– James Saft is a Reuters columnist. The opinions expressed are his own. –
Developments in cash-strapped Iceland and Greece nicely illustrate two themes for 2010: sovereign risk and financial balkanization.
– James Saft is a Reuters columnist. The opinions expressed are his own —
Ben Bernanke may minimize the role of monetary policy in the housing debacle, but he minimizes two key factors: the effect of low rates and the Fed’s policy of cleaning up after but not popping bubbles had on risk-taking.
-James Saft is a Reuters columnist. The opinions expressed are his own-
As we say goodbye to a decade so abysmal it never even earned a nickname, it is time to take bets on how the coming 10 years will shape up in economics and financial markets.
-David Kuo is director at the Motley Fool. The opinions expressed are his own.-
If you thought 2009 was as bad as things will get, then think again: 2010 could be worse. It is likely to be a year of enforced austerity with both the government and households making obligatory cuts to their budgets.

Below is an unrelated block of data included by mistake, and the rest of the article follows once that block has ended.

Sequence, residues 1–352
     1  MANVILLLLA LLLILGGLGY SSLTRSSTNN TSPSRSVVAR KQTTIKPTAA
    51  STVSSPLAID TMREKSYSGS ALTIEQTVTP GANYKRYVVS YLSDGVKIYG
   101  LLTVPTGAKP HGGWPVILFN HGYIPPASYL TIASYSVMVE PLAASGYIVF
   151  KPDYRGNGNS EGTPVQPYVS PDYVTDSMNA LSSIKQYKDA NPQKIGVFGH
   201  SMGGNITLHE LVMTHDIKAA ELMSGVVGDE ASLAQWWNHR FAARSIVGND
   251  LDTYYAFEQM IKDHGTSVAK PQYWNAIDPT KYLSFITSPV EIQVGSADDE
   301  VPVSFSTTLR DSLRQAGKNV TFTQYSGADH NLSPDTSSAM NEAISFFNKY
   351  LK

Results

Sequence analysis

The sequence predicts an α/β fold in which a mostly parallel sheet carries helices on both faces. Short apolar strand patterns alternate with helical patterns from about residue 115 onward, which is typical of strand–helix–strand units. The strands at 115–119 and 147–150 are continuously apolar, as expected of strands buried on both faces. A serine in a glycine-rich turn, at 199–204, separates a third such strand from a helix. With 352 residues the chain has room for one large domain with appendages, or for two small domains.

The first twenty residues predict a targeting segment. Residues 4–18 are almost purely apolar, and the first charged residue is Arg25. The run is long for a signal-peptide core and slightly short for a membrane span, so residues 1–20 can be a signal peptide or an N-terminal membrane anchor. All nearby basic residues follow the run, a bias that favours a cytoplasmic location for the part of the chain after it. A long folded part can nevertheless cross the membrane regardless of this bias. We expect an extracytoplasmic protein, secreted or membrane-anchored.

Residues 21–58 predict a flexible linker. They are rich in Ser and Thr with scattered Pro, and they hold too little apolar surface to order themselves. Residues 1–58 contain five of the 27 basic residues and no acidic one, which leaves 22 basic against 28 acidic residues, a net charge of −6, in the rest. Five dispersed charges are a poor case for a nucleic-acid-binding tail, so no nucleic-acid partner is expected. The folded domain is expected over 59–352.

The title of this post is taken from two sources. One was a headline in British tabloid, The Sun, in January 1979, when then-prime minister James Callaghan denied that strike-torn Britain was in chaos. The second was the title of a 1975 album by prog rock band Supertramp that famously showed someone sunbathing amidst the grey awfulness of the declining industrial landscape.
New studies from the Federal Reserve and European Central Bank show that, whatever else, a recovery in the economy is not being supported by a resumption in bank lending, raising concerns about how exactly growth will become self-sustaining when official stimulus ebbs.
Resounding defeats for Democratic Party gubernatorial candidates in Virginia and New Jersey on November 3 have killed any lingering hope Congress will enact climate change legislation this year, and may doom the prospect of passing a cap-and-trade bill this side of the 2010 mid-term elections.
Everyone agrees that China’s economy must be rebalanced, but few have bothered to delve into the costs. Japan’s experience has shown that even well-meant changes could sow the seeds for a bubble.